The Ting Tings sophomore effort, Sounds from Nowheresville, fails to feel either unique or good at what it does, making it a disappointing musical experience. The album draws influences from so many places that it would better be called Sounds from Everywhere, or Sounds for Nowhere.
The title of Sounds from Nowheresville, like previous album We Started Nothing’s title, projects a very nihilistic feeling. The Ting Tings are not trying to give you something positive, they are trying to complain about the current system. This attitude was really pioneered by early punk groups, and dance-punk revival—which is what the Ting Tings are trying to be and which they accomplished on their first album—should be trying to move past this initial despair. This album doesn’t.
To blanket-ly condemn the album would be wrong though. Some of these beats are enjoyable. Some of the tunes are fun. This album is not totally un-enjoyable, it just suffers as both a whole and in the specific.
The end of the album really makes the listener suffer. “Help” and “In Your Life” are the most depressing tracks, both musically and lyrically. “We are dead and we can’t live without it, don’t wanna think about it,” characterizes the bulk of this album. The violin that screeches at the end, accompanied only by a single, repeated chord and her vocals, makes you want to change albums immediately, but for some reason the album ends with Jules de Martino quietly saying “that one felt good.” This line suggests that there should be some cathartic resolve from wanting to be “everybody else,” but there really just isn’t.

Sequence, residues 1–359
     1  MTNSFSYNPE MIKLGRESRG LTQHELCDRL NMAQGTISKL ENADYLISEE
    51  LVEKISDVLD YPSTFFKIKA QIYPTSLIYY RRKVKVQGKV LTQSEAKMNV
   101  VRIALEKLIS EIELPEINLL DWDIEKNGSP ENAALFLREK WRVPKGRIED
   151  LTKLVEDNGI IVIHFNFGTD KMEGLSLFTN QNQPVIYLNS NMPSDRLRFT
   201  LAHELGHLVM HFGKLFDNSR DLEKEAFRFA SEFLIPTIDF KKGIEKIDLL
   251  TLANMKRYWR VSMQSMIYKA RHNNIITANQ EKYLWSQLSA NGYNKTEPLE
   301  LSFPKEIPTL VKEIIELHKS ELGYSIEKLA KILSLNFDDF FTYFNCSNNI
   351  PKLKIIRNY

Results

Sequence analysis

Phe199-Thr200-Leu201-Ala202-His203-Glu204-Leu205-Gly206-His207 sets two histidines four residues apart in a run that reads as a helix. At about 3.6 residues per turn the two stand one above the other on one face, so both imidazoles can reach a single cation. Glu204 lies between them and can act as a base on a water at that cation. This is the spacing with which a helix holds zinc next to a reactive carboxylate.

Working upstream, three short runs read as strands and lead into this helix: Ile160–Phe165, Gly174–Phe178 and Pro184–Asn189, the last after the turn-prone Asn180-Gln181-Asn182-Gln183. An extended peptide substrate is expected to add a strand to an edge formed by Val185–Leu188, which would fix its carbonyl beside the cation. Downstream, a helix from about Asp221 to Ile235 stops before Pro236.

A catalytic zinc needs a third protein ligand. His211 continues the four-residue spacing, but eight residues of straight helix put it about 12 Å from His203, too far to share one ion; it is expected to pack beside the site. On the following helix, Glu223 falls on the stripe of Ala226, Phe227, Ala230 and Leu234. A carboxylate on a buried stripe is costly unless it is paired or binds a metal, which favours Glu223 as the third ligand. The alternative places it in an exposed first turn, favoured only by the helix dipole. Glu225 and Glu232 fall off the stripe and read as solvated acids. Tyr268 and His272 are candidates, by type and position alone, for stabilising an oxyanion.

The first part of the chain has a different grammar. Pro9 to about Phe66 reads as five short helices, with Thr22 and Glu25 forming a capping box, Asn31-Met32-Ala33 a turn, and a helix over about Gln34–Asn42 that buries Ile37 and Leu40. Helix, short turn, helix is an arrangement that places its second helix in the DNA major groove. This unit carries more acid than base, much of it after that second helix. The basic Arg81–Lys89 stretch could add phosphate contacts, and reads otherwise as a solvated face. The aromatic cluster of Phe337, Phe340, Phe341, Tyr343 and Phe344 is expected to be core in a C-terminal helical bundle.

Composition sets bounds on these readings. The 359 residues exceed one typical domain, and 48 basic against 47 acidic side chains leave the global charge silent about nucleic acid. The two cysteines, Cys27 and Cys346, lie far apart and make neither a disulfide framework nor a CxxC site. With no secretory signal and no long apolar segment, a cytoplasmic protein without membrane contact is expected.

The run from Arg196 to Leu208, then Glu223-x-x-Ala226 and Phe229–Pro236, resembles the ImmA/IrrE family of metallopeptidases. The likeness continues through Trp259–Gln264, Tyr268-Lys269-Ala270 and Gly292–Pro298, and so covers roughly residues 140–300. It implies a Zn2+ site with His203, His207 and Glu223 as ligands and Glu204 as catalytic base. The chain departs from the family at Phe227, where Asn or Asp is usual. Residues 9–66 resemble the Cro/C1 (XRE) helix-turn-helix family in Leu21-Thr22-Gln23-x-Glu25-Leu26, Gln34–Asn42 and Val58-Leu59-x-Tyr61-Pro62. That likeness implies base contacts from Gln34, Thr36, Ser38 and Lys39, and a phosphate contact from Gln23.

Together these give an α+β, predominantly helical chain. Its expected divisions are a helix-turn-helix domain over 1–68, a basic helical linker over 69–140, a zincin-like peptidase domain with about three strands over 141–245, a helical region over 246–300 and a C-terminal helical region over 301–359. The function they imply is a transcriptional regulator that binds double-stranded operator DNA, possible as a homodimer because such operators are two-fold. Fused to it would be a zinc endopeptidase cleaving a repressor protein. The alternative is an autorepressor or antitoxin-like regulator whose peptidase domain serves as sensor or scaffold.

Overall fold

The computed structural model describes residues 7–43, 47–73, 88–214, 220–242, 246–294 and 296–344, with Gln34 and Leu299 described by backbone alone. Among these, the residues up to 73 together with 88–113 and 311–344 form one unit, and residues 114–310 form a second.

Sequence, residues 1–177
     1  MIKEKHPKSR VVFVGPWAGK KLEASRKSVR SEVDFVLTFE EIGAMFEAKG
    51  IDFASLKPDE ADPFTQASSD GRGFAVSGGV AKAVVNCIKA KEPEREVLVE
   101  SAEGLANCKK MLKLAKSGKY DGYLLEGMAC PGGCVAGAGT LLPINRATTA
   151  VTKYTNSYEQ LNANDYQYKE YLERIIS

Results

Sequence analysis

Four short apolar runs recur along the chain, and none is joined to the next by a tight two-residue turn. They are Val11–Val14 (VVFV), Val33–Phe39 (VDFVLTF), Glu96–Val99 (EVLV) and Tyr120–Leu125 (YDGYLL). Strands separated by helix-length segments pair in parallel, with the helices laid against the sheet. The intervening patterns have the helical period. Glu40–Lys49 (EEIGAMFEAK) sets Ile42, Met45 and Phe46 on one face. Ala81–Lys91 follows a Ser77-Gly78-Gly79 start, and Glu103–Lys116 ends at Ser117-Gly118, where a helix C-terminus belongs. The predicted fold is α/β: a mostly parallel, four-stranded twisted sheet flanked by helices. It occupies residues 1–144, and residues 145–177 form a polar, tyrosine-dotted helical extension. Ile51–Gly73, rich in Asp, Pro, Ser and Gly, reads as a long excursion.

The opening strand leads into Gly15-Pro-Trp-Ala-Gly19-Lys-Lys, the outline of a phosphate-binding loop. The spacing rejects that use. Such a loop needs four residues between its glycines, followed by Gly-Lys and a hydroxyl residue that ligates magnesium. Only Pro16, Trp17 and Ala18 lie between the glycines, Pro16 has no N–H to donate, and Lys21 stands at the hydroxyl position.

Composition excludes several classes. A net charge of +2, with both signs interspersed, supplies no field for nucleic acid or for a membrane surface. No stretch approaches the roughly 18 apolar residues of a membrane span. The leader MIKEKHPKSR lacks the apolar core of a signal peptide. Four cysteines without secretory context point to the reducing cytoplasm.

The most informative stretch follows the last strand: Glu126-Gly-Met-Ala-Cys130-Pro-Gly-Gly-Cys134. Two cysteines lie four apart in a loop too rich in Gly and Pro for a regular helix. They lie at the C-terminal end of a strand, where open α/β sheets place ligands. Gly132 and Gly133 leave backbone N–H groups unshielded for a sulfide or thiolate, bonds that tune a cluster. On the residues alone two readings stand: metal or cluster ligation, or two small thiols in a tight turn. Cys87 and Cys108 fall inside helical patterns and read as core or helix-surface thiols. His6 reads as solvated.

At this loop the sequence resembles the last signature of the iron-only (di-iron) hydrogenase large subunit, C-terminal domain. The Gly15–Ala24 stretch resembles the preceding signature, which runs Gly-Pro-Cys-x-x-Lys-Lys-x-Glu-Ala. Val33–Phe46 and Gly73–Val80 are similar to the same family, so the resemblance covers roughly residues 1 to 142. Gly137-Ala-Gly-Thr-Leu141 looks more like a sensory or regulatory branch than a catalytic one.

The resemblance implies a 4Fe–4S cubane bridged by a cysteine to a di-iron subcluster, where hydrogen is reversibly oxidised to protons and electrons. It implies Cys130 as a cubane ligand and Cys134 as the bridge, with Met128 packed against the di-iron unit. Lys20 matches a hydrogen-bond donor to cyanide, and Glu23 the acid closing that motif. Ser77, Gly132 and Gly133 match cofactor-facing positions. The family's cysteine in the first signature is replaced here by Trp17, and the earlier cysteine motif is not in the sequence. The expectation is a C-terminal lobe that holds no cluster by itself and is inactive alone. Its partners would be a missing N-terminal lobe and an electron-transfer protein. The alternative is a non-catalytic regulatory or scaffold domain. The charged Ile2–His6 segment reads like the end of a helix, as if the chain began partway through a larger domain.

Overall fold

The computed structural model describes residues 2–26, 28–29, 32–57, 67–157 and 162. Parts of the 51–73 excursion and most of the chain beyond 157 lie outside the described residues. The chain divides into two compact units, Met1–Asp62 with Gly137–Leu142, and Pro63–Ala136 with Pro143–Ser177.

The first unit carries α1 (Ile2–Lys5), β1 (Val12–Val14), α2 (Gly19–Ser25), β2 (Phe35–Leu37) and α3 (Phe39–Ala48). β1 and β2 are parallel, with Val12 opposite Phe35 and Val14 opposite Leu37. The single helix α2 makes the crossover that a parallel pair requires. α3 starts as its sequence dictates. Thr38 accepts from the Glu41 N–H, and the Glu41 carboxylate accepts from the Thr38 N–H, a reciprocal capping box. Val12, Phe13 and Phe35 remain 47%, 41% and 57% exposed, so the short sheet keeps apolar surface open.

Every track here can be compared to something better. This gets particularly annoying on the second half when the comparisons jump out at the listener. “Hang It Up” tricks you into thinking that it’s “Smells Like Teen Spirit,” and a song can only go downhill from there—unless, you know, it actually is “Smells Like Teen Spirit.” “Guggenheim” sounds like it belongs on the abomination of the decade, Lou Reed and Metallica’s Lulu. “Soul Killing” sounds too Latin-y to avoid comparison to Rodrigo y Gabriela, but thankfully the track with the most positive message (if you ignore the suggestion that sometimes you need to kill the soul) is on the most positive sounding track. “Day to Day” sounded like an attempt at 90s bubblegum pop.
While variety on an album is good and wanted, We Started Nothing filled a niche nicely, while Sounds from Nowheresville sounds like it’s floundering in too many places to be cohesive. Maybe the Ting Tings will find their place again on a future album, but it would be impossible to recommend this album to anyone without reservation that you should be recommending something else. If you liked their first album, you’d do better picking up anything from the Yeah Yeah Yeahs catalog than this.
Rating: W – 1/2
Key Tracks: “Hit Me Down Sonny” and “Soul Killing”
RIYL: The Yeah Yeah Yeahs, Franz Ferdinand, and the Big Pink
Check Out: “Silence (Bag Raiders Remix)”